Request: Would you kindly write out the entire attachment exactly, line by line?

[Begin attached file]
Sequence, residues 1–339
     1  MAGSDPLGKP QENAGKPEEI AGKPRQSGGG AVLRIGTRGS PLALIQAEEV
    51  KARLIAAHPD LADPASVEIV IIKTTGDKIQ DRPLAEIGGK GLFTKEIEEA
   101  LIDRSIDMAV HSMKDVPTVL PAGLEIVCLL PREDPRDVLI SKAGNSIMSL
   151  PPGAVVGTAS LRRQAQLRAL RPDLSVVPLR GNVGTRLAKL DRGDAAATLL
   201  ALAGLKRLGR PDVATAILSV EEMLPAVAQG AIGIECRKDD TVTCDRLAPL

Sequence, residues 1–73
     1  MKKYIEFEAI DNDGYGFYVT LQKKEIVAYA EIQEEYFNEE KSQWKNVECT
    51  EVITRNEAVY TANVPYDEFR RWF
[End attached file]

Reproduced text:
Sequence, residues 1–339
     1  MAGSDPLGKP QENAGKPEEI AGKPRQSGGG AVLRIGTRGS PLALIQAEEV
    51  KARLIAAHPD LADPASVEIV IIKTTGDKIQ DRPLAEIGGK GLFTKEIEEA
   101  LIDRSIDMAV HSMKDVPTVL PAGLEIVCLL PREDPRDVLI SKAGNSIMSL
   151  PPGAVVGTAS LRRQAQLRAL RPDLSVVPLR GNVGTRLAKL DRGDAAATLL
   201  ALAGLKRLGR PDVATAILSV EEMLPAVAQG AIGIECRKDD TVTCDRLAPL

Sequence, residues 1–73
     1  MKKYIEFEAI DNDGYGFYVT LQKKEIVAYA EIQEEYFNEE KSQWKNVECT
    51  EVITRNEAVY TANVPYDEFR RWF